Seizures are a fairly common 911 call. Fever and epilepsy are the most common causes, but I've also seen patients seize due to head injury, overdose, or withdrawal from drugs or alcohol.
Recently, I've encountered more patients with a previous diagnosis of "pseudoseizures" or
"behavioral seizures." That was new to me, and based on how these patients were often treated in the ER, I assumed these terms were non-confrontational euphemisms for "faking it." Consider one patient, whom I delivered to the hospital twice in one shift. The patient had been prescribed a number of medications, none of which had been effective in stopping their frequent seizures. They were going to the ER by ambulance several times a week, where they usually spent a few idle hours before being sent home again. Their seizures weren't associated with any of the signs we usually associate with epileptic events, and the ER staff mostly rolled their eyes and wrote it off as a waste of precious resources. It seemed like a pointless exercise.
Pseudoseizures, I learned, are not so easily dismissed as fakery. The current term for them is Psychogenic Non-Epileptic Seizures (PNES). They are not associated with the electroencephalographic patterns of epileptic seizures, nor the typical physiological signs we often see in epileptic seizure patients. They are caused, researchers believe, by the mind itself.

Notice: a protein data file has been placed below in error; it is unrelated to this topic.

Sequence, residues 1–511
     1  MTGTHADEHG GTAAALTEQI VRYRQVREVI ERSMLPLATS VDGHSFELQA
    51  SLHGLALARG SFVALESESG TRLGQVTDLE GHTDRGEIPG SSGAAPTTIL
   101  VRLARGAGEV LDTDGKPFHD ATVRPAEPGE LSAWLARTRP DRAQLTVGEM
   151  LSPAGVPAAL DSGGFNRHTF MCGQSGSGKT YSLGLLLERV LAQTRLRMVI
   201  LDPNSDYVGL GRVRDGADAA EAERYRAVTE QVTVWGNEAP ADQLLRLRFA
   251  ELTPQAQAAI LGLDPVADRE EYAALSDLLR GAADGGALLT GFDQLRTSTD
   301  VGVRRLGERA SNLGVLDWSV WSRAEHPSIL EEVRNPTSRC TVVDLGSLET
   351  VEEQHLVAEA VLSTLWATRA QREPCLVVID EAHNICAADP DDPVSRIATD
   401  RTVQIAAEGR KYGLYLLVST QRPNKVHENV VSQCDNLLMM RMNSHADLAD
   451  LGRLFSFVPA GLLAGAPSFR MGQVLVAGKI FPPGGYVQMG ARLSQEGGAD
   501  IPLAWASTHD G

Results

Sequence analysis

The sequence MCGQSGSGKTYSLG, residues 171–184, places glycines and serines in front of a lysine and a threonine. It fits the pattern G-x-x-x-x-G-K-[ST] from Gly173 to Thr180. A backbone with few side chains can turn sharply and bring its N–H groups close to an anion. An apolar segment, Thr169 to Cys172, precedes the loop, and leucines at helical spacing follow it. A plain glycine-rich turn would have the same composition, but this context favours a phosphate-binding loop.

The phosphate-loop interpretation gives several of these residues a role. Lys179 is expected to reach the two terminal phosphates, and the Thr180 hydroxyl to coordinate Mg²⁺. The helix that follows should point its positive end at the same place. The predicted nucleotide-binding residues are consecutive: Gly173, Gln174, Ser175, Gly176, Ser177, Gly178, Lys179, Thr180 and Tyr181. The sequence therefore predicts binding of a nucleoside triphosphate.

Yet we now differentiate them from malingering, or consciously displaying symptoms for personal gain. That difference is critical: from the patient's perspective, they may be experiencing a distressing event not unlike a seizure. We'll never know for certain, because like the experience of pain, their truth will forever remain their own property, a place we may speculate about but will never visit for ourselves. The entire diagnosis of PNES rests upon a fundamental trust that patients are telling us the truth.
What is perhaps most interesting (and sad) about the syndrome is that the prognosis for PNES patients is relatively poor. If the seizure events were merely the response to transitory stresses in their lives (or if the people were merely faking), you would assume the symptoms would resolve after a while on their own. Changes in their situation and stressors would eliminate the need for such a disruptive event. But it appears that's not the case. Something about the seizure-like event becomes written into the person's story, and grows difficult to erase.
When someone's heart stutters and stops, I can reach within them and apply electricity; I can open an access point their vascular system and deliver medications to their core. How do we fix a system we cannot see, or know, and for which the tools we possess may never fit their faltering machinery?